Raise your hand if you saw Frank Kaminsky coming. Not literally, of course, because at nearly 7 feet tall, Kaminsky the man is hard to miss. His junior season, however, smacked us all in the face and screamed, "PAY ATTENTION!"
This is what BTP contributor Michael Smith wrote about Kaminsky last November:
"The Badgers would like him to contribute around 30 minutes per game, as the only true big man on the roster, besides Evan Anderson. He will need to eat up rebounds, to replace the rebounding contributions of last year's seniors. He certainly will need to improve his rebounding efficiency, especially on the defensive glass."
Nothing there suggests All-Big Ten capability, NBA draft potential or that Kaminsky would enter this season on everyone's All-American teams. We knew he'd get the chance to contribute, but the potential for a 43-point night against North Dakota—let alone 28 in the Elite Eight against Arizona—escaped most of us.
It's hard to expect huge scoring nights from most of these potential sleepers, since most of them aren't walking into the season with a starting spot sewn up the way Kaminsky did last season. They are players that need to be monitored early on, though. If they get up to big things, you want to be able to say you saw it coming.
10. Alvin Ellis, Michigan State
Even with all of Michigan State's departures, Tom Izzo isn't hurting for shooters. Sophomore Alvin Ellis may have missed out on a starting spot when Cleveland State transfer Bryn Forbes was declared immediately eligible...or did he? Izzo has mentioned Ellis by name as one of the most improved Spartans during this offseason, while taking pains to point out things Forbes needs to work on. The starting shooting guard role may not be firmly decided until conference play starts—Ellis, Forbes, Denzel Valentine or even presumptive point guard Travis Trice are all possible candidates—but Ellis isn't giving ground yet.
9. Peter Jok, Iowa
Early last season, Jok was lighting up weak opposition like Abilene Christian and Fairleigh Dickinson for double-digit scoring games. Once Big Ten play started, though, Jok disappeared, going 46 days (!) between points. That made him scoring 10 against Tennessee in an NCAA play-in game all the more surprising. Now, coach Fran McCaffery is seeking a few good men in a still-crowded backcourt. The sophomore Jok and senior Josh Oglesby currently appear the leaders for the shooting guard position, but McCaffery won't even rule out starting one of his three point guards off the ball. Oglesby may be the best pure shooter of the bunch, but Jok provides more of the slashing potential that Iowa lost with Roy Devyn Marble's graduation.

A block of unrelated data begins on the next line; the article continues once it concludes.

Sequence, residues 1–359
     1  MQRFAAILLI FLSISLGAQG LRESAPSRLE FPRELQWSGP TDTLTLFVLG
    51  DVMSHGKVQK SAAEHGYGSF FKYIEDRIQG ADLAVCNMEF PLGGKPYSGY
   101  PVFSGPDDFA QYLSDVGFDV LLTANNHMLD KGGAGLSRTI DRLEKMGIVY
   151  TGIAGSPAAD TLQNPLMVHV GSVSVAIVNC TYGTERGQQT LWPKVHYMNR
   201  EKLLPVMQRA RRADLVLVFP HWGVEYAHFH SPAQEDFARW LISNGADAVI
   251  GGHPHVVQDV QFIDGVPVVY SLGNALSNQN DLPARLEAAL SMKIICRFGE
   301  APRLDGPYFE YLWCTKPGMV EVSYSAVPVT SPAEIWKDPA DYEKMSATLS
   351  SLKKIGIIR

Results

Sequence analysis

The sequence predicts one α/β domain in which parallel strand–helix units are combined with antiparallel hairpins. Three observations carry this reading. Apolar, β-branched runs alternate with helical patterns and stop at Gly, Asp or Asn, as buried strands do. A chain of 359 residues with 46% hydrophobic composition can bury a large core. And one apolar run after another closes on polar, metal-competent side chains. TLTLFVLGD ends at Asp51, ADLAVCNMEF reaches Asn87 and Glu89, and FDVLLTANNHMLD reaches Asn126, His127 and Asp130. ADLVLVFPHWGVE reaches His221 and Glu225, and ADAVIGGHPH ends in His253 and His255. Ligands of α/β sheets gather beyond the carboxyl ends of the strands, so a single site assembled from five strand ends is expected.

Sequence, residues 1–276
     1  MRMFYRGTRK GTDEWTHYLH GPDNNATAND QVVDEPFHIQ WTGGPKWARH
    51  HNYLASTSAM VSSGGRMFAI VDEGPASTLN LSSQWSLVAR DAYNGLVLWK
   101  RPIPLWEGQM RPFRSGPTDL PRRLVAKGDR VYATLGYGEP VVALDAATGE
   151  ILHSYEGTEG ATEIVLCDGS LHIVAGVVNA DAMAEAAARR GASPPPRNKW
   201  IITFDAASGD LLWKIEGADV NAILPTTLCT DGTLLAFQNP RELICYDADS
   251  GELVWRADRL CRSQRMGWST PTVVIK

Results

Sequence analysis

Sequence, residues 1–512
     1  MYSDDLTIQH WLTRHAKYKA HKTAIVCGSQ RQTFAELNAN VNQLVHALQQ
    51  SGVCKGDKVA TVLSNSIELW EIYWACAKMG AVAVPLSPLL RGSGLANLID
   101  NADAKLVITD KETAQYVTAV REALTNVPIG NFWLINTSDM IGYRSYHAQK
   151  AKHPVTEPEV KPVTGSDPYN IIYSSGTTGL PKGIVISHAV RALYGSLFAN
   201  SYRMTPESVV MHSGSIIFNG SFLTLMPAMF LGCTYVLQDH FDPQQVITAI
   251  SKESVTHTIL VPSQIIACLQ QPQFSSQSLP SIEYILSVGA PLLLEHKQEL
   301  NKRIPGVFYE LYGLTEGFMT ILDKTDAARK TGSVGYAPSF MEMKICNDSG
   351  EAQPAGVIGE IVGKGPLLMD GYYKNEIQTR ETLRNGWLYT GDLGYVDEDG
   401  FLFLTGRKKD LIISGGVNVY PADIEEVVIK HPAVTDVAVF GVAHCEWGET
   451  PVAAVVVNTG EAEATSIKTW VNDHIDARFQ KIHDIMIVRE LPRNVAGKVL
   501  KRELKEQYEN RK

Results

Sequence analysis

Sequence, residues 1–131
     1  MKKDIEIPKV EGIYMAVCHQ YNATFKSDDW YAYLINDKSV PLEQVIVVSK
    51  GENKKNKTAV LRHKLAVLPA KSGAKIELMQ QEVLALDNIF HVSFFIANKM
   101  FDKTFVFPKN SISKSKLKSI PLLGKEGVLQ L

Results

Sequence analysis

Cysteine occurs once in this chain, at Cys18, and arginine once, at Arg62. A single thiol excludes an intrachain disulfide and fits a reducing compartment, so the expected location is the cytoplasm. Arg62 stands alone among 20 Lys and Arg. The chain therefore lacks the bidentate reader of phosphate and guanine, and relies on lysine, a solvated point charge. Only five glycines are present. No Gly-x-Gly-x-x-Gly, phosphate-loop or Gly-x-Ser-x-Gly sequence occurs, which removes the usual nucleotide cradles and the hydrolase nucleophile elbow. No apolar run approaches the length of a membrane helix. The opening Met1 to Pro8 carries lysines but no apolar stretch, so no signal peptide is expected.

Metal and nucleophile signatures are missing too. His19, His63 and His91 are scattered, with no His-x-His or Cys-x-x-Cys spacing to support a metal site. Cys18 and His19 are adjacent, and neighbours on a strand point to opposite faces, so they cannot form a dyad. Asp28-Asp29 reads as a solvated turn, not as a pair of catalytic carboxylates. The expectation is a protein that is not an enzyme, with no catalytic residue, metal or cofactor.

8. Jaylon Tate, Illinois
The season-ending injury to Illinois point guard Tracy Abrams opened up a lot of minutes in the Illinois backcourt. Oregon State transfer Ahmad Starks was never an assist machine in Corvallis, with nearly two-and-a-half times as many three-point attempts as assists during his three years there. Sophomore Tate isn't the shooter Starks is, but he has a five-inch height advantage, a quick set of hands on the defensive end and a pass-first mentality. If the offense looks stagnant early, coach John Groce could go young and send Starks to a bench sniper role.
The Golden Gophers have four seniors leading the way, but newcomers will need to play major roles as well. Much of the offseason hype has centered around junior college wing Carlos Morris, but freshman Nate Mason introduced himself with some authority during the team's open scrimmage on Sunday. The 6'1" Georgia native drilled five three-pointers and played solid defense on starting point guard DeAndre Mathieu, helping to harass the senior into seven turnovers. Scrimmages only tell us so much, and Mathieu will probably only concede so many minutes. Still, if Mason keeps the shooting stroke pure and the defensive effort high, coach Richard Pitino will find him some playing time.
6. Kameron Williams, Ohio State